This Æolus was a son of Poseidon by Arne, daughter of Æolus. He had a twin brother named Boeotus. Arne confessed to her mother that she was with child by the god Poseidon; her father, however, did not believe her, and handed her over to a man named Metapontus, King of Icaria. When Bœotus and Æolus were born, they were raised by Metapontus; but their stepmother (Autolyte, wife of Metapontus) quarrelled with their mother Arne, prompting Bœotus and Æolus to kill Autolyte and flee from Icaria. Bœotus (accompanied by Arne) went to southern Thessaly, and founded Boeotia; but Æolus went to a group of islands in the Tyrrhenian Sea, which received from him the name of the Aeolian Islands; according to some accounts this Æolus founded the town of Lipara. Although his home has been traditionally identified as one of the Æolian Islands (there is little consensus as to which), near Sicily, an alternative location has been suggested at Gramvousa off the northwest coast of Crete. Æolus had six sons and six daughters, whom in Homer he wed to one another and the family lived happily together. Later writers were shocked by the incest: in Hyginus,[6] the day Æolus learned that one of his sons, Macareus, had committed incest with his sister Canace he expelled Macareus and threw the child born of this incestuous union to the dogs,[7] and sent his daughter a sword by which she was to kill herself.[8] Other late accounts claim that the child, a daughter named Amphissa, was rescued and later beloved by Apollo.

References

  1. ^ Chaucer's Eolus (Weever, Jacqueline (1996). Chaucer Name Dictionary, s.v. "Eolus". (Garland Publishing) Retrieved on 2009-10-06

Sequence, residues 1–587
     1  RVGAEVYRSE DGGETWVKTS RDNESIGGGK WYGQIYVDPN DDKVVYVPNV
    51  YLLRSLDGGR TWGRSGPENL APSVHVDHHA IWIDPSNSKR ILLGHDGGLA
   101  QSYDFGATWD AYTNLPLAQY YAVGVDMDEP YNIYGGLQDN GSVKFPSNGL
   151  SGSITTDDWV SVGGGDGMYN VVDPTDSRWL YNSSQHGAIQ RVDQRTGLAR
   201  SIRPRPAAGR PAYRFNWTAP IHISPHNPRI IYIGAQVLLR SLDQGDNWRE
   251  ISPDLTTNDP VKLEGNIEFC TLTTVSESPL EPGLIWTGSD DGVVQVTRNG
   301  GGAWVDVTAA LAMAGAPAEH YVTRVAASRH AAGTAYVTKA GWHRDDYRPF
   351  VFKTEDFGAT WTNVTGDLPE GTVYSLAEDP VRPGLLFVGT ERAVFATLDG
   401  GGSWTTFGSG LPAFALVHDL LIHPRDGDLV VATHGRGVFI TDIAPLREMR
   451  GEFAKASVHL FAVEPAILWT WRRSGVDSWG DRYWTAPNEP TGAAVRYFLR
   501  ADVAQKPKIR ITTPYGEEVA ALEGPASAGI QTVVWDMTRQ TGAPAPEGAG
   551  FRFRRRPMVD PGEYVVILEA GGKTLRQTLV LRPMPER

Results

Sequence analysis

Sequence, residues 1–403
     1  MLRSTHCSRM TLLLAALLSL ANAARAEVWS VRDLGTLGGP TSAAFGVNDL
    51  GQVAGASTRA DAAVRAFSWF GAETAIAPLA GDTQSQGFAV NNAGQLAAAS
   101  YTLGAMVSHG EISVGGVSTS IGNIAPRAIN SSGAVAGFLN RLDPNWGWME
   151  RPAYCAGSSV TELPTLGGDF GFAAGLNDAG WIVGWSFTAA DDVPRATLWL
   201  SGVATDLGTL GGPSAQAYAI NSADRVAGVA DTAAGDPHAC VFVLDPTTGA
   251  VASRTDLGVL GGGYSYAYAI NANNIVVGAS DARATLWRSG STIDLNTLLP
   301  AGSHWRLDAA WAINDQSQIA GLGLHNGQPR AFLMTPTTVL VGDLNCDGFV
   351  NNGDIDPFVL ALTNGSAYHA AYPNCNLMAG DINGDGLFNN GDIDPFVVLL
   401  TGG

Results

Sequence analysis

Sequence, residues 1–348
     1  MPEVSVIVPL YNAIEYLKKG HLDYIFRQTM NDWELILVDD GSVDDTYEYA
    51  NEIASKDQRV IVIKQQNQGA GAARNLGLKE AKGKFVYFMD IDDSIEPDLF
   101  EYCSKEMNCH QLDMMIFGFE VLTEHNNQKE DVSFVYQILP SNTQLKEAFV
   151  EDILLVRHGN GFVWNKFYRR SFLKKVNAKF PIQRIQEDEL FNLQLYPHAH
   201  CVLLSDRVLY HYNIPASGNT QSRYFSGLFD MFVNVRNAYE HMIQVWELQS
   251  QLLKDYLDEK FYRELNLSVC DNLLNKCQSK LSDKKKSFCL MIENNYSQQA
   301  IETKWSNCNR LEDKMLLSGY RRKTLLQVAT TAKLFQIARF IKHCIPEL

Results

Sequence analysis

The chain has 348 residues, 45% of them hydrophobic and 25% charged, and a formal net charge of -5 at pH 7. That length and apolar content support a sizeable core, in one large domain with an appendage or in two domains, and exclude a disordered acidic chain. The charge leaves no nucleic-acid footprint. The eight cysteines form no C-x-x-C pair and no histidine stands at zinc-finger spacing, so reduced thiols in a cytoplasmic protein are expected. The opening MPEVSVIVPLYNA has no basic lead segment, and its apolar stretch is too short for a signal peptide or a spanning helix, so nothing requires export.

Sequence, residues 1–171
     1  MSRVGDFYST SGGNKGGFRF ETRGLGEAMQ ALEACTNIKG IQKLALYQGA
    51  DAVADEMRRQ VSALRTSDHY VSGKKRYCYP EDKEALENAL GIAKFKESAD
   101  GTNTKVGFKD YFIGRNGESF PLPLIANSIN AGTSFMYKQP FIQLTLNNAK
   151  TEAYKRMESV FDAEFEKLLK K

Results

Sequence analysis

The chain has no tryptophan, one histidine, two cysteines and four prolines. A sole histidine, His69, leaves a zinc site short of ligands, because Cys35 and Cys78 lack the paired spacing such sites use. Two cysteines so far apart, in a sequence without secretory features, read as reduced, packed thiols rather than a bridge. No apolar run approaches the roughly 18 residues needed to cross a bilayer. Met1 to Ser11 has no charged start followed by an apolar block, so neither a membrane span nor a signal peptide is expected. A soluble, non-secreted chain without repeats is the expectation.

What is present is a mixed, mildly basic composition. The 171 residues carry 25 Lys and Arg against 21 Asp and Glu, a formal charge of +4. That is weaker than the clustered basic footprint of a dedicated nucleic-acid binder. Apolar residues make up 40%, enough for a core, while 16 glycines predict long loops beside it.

2. ^ a b Schmitz, Leonhard (1864), "Aeolus (1), (2) and (3)", in Smith, William, Dictionary of Greek and Roman Biography and Mythology, 1, pp. 35, http://www.ancientlibrary.com/smith-bio/0044.html 
  3. ^ Bibliotheca i. 7. §3
  4. ^ Scholium on Pindar's Pythian Ode iv. 190.
  5. ^ Apollodorus i. 7. ~ 3)
  6. ^ Hyginus. Fabulae, 238, 242.
  7. ^ Ovid. Heroides, 11.
  8. ^ Plutarch. Parallel Lives, p. 312.

External links


1911 encyclopedia

Up to date as of January 14, 2010

From LoveToKnow 1911

AEOLUS, in Greek mythology, according to Homer the son of Hippotes, god and father of the winds, and ruler of the island of Aeolia. In the Odyssey (x. 1) he entertains Odysseus, gives him a favourable wind to help him on his journey, and a bag in which the unfavourable winds have been confined. Out of curiosity, or with the idea that it contains valuable treasures, Odysseus' companions open the bag; the winds escape and drive them back to the island, whence Aeolus dismisses them with bitter reproaches. According to Virgil, Aeolus dwells on one of the Aeolian islands to the north of Sicily, Lipara or Strongyle (Stromboli), where he keeps the winds imprisoned in a vast cavern (Virgil, Aen. i. 52). Another genealogy makes him the son of Poseidon and Arne, granddaughter of Hippotes, and a descendant of Aeolus, king of Magnesia in Thessaly, the mythical ancestor of the tribe of the Aeolians (Diodorus iv. 67).


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Wiktionary

Up to date as of January 15, 2010

Definition from Wiktionary, a free dictionary

English

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Etymology

From Latin Aeolus from Ancient Greek Αἴολος (Aiolos)

Proper noun

Singular
Aeolus

Plural
-

Aeolus

  1. (Greek mythology) the name of a number of characters in Greek mythology, including the founder of the Aeolian race, and a god with power over wind

Simple English

[[File:|thumbnail|400px|right]]Aeolus or Eolus was the king of winds in Greek mythology. Although he varied from story to story, he was sometimes said to have had all the winds in a bag. In the Odyssey, he gave that bag to Odysseus to help him get home. Aeolus was the son of Hellen and a nymph named Orseis. Aeolus' brothers were Dorus, Xuthus and Amphictyon.